It is anthology you should be proud of  — (and I am proud to be part of) — and I hope it gets the attention an wide-readership it deserves! — Louis Phillips

Wow. Seeing it in this form, I am overwhelmed by the amount of work and energy you had to put into this. It feels like the definitive collection and is a terrific mix of poems I can not live without ... Incredible Charles! — Rich Michelson

The anthology looks magnificent! ... I'd like to adopt it for a grad course I'm teaching next Winter. The course I'm teaching is The Fire This Time: 20th Century Poetry of Witness — so your anthology would be perfect for the course. — Maurya Simon, University of California (Riverside)

I am astounded by the diversity of the poets who have contributed, as well as the excellence of the quality of their work. I am honored to be among the very well known poets, such as Alexie, Levertov, Forché, Piercy, Stern, but am just as humbled to be among those lesser known, but excellent writers, whose words are just as powerful and moving. Blood to Remember is a wonderful addition to your library on Jewish studies, as well as a powerful teaching tool for Jewish history, or Jewish writings. — Sandra Cohen Margulius

The book looks great; I am honored to be among such illustrious company. Many thanks again for including me. — David Moolten

The book as a whole is breath-taking. Kol-haKavod for all the work you put into making this anthology. I hope that it will receive the recognition it deserves. — Yakov Azriel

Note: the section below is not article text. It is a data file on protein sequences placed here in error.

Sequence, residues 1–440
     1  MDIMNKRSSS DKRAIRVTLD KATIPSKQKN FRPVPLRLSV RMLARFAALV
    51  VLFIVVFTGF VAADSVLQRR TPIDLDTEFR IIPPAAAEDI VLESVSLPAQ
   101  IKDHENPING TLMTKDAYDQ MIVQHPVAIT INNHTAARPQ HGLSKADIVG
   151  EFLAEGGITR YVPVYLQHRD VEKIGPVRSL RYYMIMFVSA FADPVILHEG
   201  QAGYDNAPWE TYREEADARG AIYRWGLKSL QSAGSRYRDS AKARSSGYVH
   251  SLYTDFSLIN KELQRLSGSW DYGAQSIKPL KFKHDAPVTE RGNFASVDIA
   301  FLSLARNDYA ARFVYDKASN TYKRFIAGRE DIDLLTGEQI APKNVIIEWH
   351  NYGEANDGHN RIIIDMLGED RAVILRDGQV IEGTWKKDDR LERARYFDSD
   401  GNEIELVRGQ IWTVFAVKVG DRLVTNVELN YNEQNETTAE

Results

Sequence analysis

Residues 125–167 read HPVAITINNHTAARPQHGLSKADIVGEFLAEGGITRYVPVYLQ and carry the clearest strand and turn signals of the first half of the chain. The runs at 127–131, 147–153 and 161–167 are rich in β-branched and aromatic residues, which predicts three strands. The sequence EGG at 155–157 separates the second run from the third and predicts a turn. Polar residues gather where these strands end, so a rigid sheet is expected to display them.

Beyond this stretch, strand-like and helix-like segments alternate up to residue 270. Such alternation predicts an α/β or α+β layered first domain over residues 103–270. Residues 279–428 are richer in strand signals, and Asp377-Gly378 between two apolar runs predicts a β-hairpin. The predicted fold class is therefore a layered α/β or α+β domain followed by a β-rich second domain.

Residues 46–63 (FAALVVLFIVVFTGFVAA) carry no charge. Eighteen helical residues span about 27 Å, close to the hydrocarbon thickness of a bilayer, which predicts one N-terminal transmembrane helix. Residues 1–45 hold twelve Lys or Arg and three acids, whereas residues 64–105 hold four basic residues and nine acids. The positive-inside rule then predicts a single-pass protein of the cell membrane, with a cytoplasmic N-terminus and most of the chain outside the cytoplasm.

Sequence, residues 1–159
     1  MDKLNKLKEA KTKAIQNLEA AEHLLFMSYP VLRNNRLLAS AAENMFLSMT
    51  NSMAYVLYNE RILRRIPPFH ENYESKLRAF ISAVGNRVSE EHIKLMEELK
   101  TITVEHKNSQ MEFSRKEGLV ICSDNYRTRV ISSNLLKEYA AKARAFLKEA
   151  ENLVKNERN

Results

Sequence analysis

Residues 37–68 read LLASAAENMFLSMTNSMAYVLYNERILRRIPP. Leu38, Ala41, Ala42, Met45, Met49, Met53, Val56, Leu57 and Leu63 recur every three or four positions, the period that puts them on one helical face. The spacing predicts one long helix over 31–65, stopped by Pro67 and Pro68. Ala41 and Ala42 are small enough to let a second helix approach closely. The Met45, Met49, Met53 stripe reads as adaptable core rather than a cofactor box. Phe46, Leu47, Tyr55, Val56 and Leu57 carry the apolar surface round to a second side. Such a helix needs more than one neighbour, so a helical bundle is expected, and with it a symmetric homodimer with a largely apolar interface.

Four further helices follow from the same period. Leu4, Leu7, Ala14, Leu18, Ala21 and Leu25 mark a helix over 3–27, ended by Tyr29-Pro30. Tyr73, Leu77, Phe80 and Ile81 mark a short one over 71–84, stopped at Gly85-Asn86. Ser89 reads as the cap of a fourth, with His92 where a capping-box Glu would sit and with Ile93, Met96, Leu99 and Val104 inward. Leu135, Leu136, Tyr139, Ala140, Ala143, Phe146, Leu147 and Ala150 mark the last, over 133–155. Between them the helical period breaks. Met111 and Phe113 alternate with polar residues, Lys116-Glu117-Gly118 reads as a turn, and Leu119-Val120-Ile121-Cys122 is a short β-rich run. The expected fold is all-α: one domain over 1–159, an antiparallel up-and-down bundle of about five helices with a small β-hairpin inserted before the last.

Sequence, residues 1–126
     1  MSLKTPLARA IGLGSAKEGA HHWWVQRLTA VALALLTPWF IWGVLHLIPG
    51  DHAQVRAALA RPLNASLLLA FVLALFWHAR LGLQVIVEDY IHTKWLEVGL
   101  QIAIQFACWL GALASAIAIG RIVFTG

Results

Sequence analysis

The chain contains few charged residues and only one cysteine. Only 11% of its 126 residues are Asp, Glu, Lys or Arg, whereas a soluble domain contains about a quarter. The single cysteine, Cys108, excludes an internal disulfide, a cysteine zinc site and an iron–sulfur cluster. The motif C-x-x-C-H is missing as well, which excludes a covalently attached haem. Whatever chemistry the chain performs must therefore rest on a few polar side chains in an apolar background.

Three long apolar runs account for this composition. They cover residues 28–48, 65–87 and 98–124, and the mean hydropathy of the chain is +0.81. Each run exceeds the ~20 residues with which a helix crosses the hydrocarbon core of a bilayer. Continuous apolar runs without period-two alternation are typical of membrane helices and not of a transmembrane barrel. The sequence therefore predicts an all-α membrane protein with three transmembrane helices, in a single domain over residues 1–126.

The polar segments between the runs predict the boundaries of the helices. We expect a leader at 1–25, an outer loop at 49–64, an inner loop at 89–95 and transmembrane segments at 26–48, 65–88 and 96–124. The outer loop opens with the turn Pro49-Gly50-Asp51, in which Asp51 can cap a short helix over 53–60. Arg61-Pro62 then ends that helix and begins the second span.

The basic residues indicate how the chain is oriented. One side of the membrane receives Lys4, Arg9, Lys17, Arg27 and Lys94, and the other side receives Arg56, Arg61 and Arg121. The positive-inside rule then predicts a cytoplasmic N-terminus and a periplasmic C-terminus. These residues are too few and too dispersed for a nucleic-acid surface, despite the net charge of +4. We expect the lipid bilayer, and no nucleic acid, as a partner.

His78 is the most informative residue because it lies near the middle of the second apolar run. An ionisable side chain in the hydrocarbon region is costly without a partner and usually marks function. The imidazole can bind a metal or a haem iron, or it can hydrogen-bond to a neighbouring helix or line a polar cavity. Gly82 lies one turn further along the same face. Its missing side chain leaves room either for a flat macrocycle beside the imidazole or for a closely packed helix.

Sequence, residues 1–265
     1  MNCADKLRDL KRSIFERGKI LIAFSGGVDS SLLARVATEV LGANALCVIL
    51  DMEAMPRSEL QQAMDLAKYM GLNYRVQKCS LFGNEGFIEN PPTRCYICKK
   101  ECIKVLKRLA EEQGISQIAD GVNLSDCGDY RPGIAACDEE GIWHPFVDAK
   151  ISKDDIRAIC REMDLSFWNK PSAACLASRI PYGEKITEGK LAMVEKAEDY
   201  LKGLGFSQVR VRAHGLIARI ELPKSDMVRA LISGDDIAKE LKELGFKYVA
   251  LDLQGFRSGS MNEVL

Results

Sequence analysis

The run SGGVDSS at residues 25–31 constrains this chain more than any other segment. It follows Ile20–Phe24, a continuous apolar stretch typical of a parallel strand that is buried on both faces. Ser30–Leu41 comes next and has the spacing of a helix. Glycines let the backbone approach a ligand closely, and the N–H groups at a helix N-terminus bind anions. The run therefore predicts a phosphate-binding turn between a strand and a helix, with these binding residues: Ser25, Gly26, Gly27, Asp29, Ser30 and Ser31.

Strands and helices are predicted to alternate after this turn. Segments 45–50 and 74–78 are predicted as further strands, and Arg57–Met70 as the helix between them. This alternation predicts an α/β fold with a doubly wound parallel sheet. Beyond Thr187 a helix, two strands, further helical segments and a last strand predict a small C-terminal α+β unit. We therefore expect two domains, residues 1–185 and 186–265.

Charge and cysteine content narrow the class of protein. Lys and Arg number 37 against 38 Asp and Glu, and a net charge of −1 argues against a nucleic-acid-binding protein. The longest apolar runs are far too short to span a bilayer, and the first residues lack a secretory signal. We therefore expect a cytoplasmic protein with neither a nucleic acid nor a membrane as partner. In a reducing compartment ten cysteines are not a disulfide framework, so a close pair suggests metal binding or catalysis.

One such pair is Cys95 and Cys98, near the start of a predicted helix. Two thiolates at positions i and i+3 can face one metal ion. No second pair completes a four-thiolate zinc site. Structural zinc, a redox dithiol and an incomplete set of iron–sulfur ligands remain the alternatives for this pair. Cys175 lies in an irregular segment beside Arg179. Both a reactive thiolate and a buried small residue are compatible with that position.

What an incredible book — the poems, the notes and discussions. This will be an unparalleled work, an event in our poetry history. Very honored to be in this. — Michael Heller

A magnificent volume! Thanks for inviting me to join these pages. — Joan I. Siegel

I have recommended the anthology to many friends and all of my students. It’s a huge labor of love you did there – and an essential one. Thank you! — Laure-Anne Bosselaar

Looking over the collection and the company, everything looked overwhelming and horrifying and amazing all at once. It's a monumental work, and I'm proud that you found me worthy of being part of it. Thank you for what you've achieved. — Theodore Deppe

Congratulations on your wonderful work! I'm proud, and greatly respectful, of you for it. — Michael Blumenthal

You have done a superb job! Congratulations on this extremely important effort. I do hope that this book receives countless awards. — Carolyn Kreiter-Foronda

Thanks again for all your brave work. I take immense pride in being a part of this important collection. With luck and (for once) a little justice, it will outlive all of us and deliver an important testimony both aesthetically and historically, none of which would have been possible without your labors. Thank you. — Michael D. Riley

Oh, Charles, you've outdone yourself. The book is astonishingly good. I started reading some of the new poems.  What a fine, strong book. Thanks so much for wanting "The Three" in it. It makes my cells hum to be among all these other fine voices — and yours.  Double yours, because in a real sense all our voices now are yours, too, as well as your own poems. This birth will have further ranging effects than the first edition. I look forward to the actual book and the waves I know it's going to send out. — Martin Steingesser